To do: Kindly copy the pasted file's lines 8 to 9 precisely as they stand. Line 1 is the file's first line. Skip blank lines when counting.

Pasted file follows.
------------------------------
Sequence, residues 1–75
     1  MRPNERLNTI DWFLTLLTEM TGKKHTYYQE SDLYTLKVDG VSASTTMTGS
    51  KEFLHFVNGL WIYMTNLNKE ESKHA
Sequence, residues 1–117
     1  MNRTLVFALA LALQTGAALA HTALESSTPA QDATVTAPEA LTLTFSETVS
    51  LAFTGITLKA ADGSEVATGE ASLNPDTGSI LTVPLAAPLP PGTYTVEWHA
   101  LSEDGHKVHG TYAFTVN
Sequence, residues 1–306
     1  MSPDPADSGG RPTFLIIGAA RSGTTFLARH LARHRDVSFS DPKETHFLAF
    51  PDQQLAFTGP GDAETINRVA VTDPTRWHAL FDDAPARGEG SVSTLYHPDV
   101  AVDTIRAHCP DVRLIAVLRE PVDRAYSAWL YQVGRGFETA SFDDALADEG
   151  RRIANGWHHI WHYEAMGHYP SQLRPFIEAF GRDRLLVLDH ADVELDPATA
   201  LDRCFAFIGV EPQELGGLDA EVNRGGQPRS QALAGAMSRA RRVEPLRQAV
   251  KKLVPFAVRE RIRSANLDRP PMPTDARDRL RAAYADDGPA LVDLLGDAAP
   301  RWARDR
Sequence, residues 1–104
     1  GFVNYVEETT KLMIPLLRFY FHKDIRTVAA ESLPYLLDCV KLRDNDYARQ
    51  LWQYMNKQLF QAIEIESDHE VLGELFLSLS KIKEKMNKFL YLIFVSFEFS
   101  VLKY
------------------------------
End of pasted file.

Sequence, residues 1–306
     1  MSPDPADSGG RPTFLIIGAA RSGTTFLARH LARHRDVSFS DPKETHFLAF